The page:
A Time to Choose

A Time to Choose

All over the country, the airwaves are inundated with ads, sound bites, and newscasts.  Whether it’s on the television, over the phone, on radio, or through loudspeakers at a gathering, we are asked to make a choice. 

It’s that time again, when we prepare ourselves to make choices that will affect our daily lives, by ascertaining the relevant information we need to make these “informed” decisions.  That’s right: its Lent! (Did you think I was going to say the elections?) 

Lent is that time each year when we prepare ourselves for Easter, the Resurrection of Jesus Christ; through prayer, Penance, self-denial, and good deeds to help us renew our faith by recalling our baptism and repenting our sins, not only to better live our lives as Christians, but to give us the strength and understanding we need to face the decisions of our daily lives.

At the end of Lent and into the Triduum, we recall the Passion of our Lord.  There is one specific event in the Passion that I feel we need to place ourselves at after spending the days of Lent preparing.  Place yourself in Pontius Pilate’s courtyard some two-thousand years ago.  Two men stand before you: Jesus the Nazarene and Jesus Barabbas (yes that was his full name, shortened to Barabbas in the Gospels).  You stand there as part of the crowd, now the jury for Pilate, to decide the fate of these two men. This crowd, made up mainly, if not all, of members of the Jewish community readying themselves for the Passover, who not only feels enslaved from being under the tyranny of roman rule, but isolated for they fear that God has abandoned them.  All they want is to be free; free from oppression and to once again feel God’s love, like their ancestors felt crossing the Jordon into the Promised Land.  It’s your decision: Who lives?  It is this moment that I wish to focus on, albeit brief as it will be, because this discussion can go on for pages.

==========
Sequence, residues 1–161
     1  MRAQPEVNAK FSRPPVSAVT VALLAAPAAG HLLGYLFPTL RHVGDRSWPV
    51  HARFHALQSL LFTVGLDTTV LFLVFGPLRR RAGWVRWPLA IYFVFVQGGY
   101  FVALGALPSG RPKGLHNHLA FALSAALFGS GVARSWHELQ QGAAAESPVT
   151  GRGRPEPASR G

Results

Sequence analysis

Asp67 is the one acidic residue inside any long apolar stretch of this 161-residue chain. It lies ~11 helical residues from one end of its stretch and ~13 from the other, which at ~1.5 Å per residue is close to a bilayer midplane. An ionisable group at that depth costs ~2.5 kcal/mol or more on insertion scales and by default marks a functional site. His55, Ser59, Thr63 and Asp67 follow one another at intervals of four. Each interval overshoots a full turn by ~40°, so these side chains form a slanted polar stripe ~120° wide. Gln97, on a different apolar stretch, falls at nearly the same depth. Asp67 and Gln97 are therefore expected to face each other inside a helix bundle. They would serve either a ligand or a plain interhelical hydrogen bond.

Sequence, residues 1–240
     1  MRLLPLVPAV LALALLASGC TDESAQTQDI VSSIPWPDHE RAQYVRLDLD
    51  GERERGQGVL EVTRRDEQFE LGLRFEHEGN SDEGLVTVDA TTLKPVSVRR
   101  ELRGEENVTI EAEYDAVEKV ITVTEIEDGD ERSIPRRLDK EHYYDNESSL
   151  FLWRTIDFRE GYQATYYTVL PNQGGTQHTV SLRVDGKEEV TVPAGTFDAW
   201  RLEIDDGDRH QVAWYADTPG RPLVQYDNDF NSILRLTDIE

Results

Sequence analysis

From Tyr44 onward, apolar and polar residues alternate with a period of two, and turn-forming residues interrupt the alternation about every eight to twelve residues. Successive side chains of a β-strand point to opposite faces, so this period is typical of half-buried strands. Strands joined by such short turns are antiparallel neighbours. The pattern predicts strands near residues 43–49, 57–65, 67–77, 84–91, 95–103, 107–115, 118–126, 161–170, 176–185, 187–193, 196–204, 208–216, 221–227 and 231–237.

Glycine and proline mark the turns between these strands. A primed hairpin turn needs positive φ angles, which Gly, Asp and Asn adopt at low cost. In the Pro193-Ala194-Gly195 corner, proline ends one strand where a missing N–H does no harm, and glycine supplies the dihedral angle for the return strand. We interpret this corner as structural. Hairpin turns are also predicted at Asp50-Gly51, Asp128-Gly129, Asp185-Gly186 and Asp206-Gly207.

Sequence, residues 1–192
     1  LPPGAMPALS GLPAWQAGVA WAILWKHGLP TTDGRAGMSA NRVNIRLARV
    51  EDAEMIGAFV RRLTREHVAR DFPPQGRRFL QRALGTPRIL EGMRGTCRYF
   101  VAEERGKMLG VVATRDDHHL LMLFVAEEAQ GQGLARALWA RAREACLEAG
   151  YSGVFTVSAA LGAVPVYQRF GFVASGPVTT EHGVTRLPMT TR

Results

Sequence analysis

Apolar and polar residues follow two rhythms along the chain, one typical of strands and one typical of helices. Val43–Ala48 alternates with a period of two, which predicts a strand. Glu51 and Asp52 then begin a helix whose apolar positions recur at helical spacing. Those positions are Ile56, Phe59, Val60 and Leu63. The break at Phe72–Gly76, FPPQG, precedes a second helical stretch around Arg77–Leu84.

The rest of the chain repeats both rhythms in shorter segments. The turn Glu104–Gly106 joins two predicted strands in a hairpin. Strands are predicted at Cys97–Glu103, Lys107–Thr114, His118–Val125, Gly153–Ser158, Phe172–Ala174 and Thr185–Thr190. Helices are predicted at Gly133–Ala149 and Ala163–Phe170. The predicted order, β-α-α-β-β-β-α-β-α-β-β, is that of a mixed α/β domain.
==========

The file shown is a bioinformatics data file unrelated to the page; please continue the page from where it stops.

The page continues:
Who do you chose?  On one hand is Jesus, son of a carpenter from Nazareth, who just days before was being praised by the masses as he entered through the gates of Jerusalem.  His fame has been spreading down from Galilee, through Samaria, and into Judea to the Holy City.  His message is based on faith, hope, and love.  He says we must look in ourselves, in our hearts, to repent and believe for the Scriptures are being fulfilled, God’s Kingdom is at hand.  He speaks as one with authority, more so than the scribes and teachers, but the Sanhedrin are weary of him and want him crucified.  Is he the promised one, the Savior, or is it all blasphemous?

On the other hand is Jesus Barabbas, who has been spending his days in prison by order of the Romans.  He is seen as a revolutionary, trying to arouse the people to revolt against the Romans for our freedom.  He has been charged with robbery and murder, sentenced by the Romans to death by crucifixion.  He is notorious, known around here for being ruthless and selfish, yet passionate about his hatred for the Romans.  Can he lead us over the Romans to freedom, or will he even try to and just fend for himself?

Let’s come forward two-thousand years to the present.  We know the decision made and its outcome: Jesus of Nazareth, the Son of God, was crucified, died and was buried, all according to God’s Will, to save us. Jesus Barabbas, whose last name means “son of the father”, was freed and did who knows what, but not long after, Jerusalem and the Temple were taken over and destroyed by the Romans in the first Jewish-Roman War.  There is, however, one point from that scene two-thousand years ago; that I feel is the key to understanding what was happening at that moment: they took the easy way out. 

How hard it must have been for the Sanhedrin and others in the crowd to except the fact that Jesus Christ was the fulfillment of the Scripture; he was the Word made flesh. 

Instead of searching deep in their hearts and their faith to understand and accept the Word of God, they found it easier to do what they needed to make their lives easier for the time being–so they chose to free Barabbas.